National Trust tests Cerne Abbas Giant in first attempt to scientifically establish enigmatic chalk figure’s true age
For generations, the 55m chalk figure of a naked, club-brandishing giant has looked over the village of Cerne Abbas in Dorset. This spring, for the first time, the National Trust is undertaking tests to try to determine the age of the enigmatic Cerne Abbas Giant.
The origins and purpose of Britain’s largest and perhaps best-known chalk hill figure are shrouded in mystery. Theories range from ancient spirituality symbol and likeness of Greco-Roman hero Hercules to a caricature of Oliver Cromwell, with the club a reference to repressive rule and the phallus a mockery of his Puritanism. Local folklore has long held it to be a fertility aid; the earliest recorded mention of the giant dates from 1694.
Now, a century after it was gifted the giant by the Pitt-Rivers family in 1920, the National Trust, in collaboration with the University of Gloucestershire, is attempting to establish when the figure was first hewn into the chalk hillside.
Earlier this month, Trust archaeologists excavated small trenches to enable samples of soil to be extracted from points on the giant’s elbows and feet. Over the coming weeks Prof. Phillip Toms, Academic Subject Leader in Environmental Sciences at the University of Gloucestershire, will attempt to date the samples using a technique called Optically Stimulated Luminescence (OSL).
National Trust senior archaeologist Martin Papworth said: “The OSL technique is commonly used to determine when mineral grains in the soil were last exposed to sunlight. It was used to discover the age of the Uffington White Horse in Oxfordshire in the 1990s, which was found to be nearly 3,000 years old – even more ancient than we had expected.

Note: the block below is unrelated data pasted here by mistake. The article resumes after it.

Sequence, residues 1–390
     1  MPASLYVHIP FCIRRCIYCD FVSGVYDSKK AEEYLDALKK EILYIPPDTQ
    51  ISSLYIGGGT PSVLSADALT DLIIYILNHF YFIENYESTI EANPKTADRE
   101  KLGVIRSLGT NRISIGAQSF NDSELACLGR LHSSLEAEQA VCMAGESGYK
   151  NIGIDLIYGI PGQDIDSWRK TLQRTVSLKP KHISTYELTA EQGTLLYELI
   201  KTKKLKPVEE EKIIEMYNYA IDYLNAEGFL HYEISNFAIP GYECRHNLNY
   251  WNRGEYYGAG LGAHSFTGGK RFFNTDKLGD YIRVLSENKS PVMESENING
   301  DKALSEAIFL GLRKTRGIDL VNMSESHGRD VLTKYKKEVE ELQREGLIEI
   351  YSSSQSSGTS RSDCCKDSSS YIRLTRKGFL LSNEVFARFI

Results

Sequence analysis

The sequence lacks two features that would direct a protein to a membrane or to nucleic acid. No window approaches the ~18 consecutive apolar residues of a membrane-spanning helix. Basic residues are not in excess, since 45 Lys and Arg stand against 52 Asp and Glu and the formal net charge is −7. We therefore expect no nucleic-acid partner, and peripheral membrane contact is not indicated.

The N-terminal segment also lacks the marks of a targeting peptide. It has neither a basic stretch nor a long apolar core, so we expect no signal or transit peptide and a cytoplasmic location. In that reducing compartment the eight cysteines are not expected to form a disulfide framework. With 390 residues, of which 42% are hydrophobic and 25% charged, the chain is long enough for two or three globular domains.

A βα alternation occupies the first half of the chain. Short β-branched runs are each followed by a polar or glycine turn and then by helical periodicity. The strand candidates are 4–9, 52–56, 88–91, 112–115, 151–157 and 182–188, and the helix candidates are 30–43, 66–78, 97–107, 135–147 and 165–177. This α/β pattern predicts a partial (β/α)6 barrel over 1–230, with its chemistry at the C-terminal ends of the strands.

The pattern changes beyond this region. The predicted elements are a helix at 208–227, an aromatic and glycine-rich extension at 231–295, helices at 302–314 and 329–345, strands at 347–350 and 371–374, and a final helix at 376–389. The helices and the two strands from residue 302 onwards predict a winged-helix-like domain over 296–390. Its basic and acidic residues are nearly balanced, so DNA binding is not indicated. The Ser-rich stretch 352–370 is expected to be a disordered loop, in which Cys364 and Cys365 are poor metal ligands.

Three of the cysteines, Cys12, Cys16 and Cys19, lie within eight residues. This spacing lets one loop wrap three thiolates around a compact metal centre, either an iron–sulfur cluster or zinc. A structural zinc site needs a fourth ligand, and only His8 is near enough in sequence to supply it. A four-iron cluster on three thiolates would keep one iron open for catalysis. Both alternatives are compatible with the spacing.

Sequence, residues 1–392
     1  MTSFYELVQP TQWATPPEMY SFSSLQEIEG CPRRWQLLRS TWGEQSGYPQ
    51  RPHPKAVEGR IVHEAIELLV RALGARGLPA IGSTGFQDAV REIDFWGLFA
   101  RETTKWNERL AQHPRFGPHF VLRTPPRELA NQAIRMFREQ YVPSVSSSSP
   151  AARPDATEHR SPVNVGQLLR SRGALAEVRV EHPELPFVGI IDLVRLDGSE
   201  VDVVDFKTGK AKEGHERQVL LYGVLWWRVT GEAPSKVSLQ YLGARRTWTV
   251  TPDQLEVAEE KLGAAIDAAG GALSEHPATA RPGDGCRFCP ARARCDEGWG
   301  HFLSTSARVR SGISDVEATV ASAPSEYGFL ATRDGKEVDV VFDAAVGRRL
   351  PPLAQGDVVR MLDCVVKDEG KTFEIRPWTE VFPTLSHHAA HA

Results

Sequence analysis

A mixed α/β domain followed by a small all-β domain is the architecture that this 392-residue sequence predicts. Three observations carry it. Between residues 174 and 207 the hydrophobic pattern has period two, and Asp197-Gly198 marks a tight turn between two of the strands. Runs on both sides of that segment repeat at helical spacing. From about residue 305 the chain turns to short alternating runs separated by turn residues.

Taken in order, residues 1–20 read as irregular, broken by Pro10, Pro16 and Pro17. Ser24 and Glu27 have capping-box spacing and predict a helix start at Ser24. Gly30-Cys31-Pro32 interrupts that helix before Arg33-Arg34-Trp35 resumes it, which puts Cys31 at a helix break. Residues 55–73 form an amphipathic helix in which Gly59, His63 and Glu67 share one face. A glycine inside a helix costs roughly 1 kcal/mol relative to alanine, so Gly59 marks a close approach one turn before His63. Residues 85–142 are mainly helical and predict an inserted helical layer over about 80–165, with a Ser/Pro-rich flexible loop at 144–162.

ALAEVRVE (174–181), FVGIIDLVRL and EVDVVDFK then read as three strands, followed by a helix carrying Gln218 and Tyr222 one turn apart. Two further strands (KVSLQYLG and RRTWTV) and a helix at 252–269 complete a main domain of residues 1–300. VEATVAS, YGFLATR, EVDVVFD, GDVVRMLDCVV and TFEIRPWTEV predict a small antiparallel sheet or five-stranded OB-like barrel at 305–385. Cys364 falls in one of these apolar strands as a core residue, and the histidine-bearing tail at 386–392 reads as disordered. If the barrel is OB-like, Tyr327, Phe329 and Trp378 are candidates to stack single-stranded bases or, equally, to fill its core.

“We’re expecting the results of the tests in July. It is likely that the tests will give us a date range, rather than a specific age, but we hope they will help us better understand, and care for, this famous landmark.”
Chair of the Cerne Historical Society, Gordon Bishop, said Cerne Abbas villagers were eagerly awaiting the results.
“Although there are some who would prefer the Giant's age and origins to remain a mystery, I think the majority would like to know at least whether he is ancient or no more than a few hundred years old. Whichever may be the case, he is unique.”
In separate analysis, Environmental Archaeologist Mike Allen will analyse soil samples to understand more about the site’s past environment, using the microscopic shells of land snails to give clues about the landscape in which the giant was built.
Mike said: “There are 118 species of snails in Britain and many of them are habitat specific, so their preserved shells can help us establish what a landscape was like at a certain time, and to track changes in land use over time.
“They should help us to discover whether the giant was created on a grazed chalk hillside, or whether people purposely cleared scrub to prepare the land for the figure.”
During excavations, Trust teams also took drone footage in order to create a laser image of the giant which, once processed and uploaded to the conservation charity’s website, will allow people to take a ‘virtual tour’ of the landmark. Visitors can see the giant from nearby viewpoints but to prevent erosion and conserve the site it is not publicly accessible.
Last year the giant was refreshed for the first time in 11 years, with a team of volunteers hammering in 17 tonnes of new chalk by hand to counteract weathering and keep the giant visible for miles around.
More information is available on www.nationaltrust.org.uk/cerne-giant